Corn Rootworm

Coleoptera: Chrysomelidae (Diabrotica spp.)


There are two species of corn rootworm that are important insect pests of corn: western (WCR) and northern (NCR) corn rootworms. WCR adults are about 6 mm long and are yellow in colour with cream spots on their wing cover. Females are slightly larger than males and the female’s stripes are more pronounced than the male’s stripes. Sometimes the black stripes on males overlap and make the wings appear solid black. Adult NCRs are the same size as WCR and are solid yellowish-green in colour. There are no distinctive markings to differentiate males’ and females’ NCR. Larvae of both WCR and NCR are white and slender, and fully grown larvae are about 13 mm long having brown heads and a dark patch on the tail end. Both adults and the larval stage cause severe damage to corn plants.

Life Cycle

Eggs of both WCR and NCR are deposited in the top 30 cm of soil near the corn plants in late summer. The eggs overwinter in the soil and the larvae emerge from late spring to early summer of the upcoming year. The larvae feed on corn roots for four to six weeks and then pupate in the soil. The pupa matures within five to ten days and the adult emerges. Corn rootworm males appear one week before the first emergence of female beetles because males need time to complete sexual development. After the emergence of females, they start to mate. The female deposits the egg clutch and continues feeding to mature more eggs to lay them. This process of female feeding, egg maturation, and egg-laying is repeated until all eggs have been laid. Females of WCR and NCR lay approximately 1000 and 300 eggs, respectively. Both WCR and NCR have one generation per year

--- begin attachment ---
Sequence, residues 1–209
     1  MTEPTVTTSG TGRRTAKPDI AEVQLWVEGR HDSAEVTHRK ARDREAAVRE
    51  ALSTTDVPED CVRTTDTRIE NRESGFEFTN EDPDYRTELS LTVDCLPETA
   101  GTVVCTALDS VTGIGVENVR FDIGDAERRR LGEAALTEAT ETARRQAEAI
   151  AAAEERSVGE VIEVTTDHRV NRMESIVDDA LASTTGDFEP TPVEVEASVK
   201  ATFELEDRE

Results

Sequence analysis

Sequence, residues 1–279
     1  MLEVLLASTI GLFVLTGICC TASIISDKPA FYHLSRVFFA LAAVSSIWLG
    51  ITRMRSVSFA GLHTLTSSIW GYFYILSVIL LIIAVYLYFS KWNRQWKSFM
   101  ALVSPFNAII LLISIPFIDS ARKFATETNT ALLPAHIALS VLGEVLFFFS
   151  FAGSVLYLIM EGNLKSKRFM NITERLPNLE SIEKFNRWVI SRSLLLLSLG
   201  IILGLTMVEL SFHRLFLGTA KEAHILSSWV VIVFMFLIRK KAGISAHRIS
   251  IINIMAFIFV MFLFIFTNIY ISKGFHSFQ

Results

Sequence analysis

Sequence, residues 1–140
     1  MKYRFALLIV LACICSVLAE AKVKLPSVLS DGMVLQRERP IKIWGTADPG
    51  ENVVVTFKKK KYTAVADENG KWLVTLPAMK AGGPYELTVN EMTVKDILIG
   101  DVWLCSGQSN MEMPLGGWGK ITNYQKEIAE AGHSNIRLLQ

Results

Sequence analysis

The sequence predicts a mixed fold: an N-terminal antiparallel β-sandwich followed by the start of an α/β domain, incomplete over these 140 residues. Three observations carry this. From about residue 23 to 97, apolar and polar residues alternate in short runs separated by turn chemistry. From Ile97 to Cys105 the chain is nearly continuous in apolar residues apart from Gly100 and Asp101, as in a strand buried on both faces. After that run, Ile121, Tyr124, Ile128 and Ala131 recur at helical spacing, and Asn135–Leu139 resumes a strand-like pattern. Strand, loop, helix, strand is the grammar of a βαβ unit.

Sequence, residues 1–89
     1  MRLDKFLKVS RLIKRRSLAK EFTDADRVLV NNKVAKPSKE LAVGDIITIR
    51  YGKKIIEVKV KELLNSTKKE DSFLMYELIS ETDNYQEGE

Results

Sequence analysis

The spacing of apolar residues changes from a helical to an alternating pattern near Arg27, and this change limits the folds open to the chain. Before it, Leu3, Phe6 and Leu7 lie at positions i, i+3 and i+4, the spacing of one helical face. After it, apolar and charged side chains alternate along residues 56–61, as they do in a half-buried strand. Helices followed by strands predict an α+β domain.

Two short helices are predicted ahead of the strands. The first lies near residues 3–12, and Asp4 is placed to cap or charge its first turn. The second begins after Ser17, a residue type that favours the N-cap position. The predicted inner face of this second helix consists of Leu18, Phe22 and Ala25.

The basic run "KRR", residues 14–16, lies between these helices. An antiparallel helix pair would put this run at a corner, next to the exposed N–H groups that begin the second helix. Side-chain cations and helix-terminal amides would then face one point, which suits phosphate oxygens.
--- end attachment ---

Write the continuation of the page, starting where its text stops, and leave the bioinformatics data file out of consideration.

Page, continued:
Both corn rootworm larvae and adults cause severe damage to corn plants. Newly emerged larvae feed on root hairs and outer root tissue. The second and third instar larvae feed on the root tips of nodes and tunnel into the roots. Larvae feeding reduces the water and nutrient uptake of corn and stops the growing point at the tips of the roots. Damaged roots weaken to the extent that the plants grow in a gooseneck-like shape. These plants often pollinate poorly and are difficult to harvest, contributing to yield losses. Adult beetles can also cause damage by feeding on the corn leaves and making the leaves partially or totally stripped. Then they move to silk and pollen as they develop and result in yield reduction.



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